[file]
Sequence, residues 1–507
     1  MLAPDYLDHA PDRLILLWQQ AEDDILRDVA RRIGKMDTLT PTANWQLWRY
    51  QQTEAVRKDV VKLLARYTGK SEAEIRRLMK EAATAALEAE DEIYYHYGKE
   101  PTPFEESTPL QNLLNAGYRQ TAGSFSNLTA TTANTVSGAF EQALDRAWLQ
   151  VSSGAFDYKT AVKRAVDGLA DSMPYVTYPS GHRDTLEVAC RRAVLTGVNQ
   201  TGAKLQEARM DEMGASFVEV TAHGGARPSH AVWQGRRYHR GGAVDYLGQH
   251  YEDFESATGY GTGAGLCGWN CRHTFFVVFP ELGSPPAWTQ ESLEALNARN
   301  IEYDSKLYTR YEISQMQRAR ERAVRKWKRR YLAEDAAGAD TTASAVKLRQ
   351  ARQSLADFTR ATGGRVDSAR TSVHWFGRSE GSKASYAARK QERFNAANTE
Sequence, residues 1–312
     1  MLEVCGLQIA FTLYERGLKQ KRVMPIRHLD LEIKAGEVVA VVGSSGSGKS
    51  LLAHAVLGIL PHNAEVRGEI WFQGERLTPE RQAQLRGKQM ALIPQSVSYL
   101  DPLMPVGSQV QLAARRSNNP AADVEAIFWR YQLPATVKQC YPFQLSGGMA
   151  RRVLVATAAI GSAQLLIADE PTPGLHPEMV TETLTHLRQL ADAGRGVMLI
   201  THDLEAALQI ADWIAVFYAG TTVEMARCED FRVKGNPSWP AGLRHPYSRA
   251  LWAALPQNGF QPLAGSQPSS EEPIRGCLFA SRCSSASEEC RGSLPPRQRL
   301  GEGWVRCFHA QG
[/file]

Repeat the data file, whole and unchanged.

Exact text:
Sequence, residues 1–507
     1  MLAPDYLDHA PDRLILLWQQ AEDDILRDVA RRIGKMDTLT PTANWQLWRY
    51  QQTEAVRKDV VKLLARYTGK SEAEIRRLMK EAATAALEAE DEIYYHYGKE
   101  PTPFEESTPL QNLLNAGYRQ TAGSFSNLTA TTANTVSGAF EQALDRAWLQ
   151  VSSGAFDYKT AVKRAVDGLA DSMPYVTYPS GHRDTLEVAC RRAVLTGVNQ
   201  TGAKLQEARM DEMGASFVEV TAHGGARPSH AVWQGRRYHR GGAVDYLGQH
   251  YEDFESATGY GTGAGLCGWN CRHTFFVVFP ELGSPPAWTQ ESLEALNARN
   301  IEYDSKLYTR YEISQMQRAR ERAVRKWKRR YLAEDAAGAD TTASAVKLRQ
   351  ARQSLADFTR ATGGRVDSAR TSVHWFGRSE GSKASYAARK QERFNAANTE
Sequence, residues 1–312
     1  MLEVCGLQIA FTLYERGLKQ KRVMPIRHLD LEIKAGEVVA VVGSSGSGKS
    51  LLAHAVLGIL PHNAEVRGEI WFQGERLTPE RQAQLRGKQM ALIPQSVSYL
   101  DPLMPVGSQV QLAARRSNNP AADVEAIFWR YQLPATVKQC YPFQLSGGMA
   151  RRVLVATAAI GSAQLLIADE PTPGLHPEMV TETLTHLRQL ADAGRGVMLI
   201  THDLEAALQI ADWIAVFYAG TTVEMARCED FRVKGNPSWP AGLRHPYSRA
   251  LWAALPQNGF QPLAGSQPSS EEPIRGCLFA SRCSSASEEC RGSLPPRQRL
   301  GEGWVRCFHA QG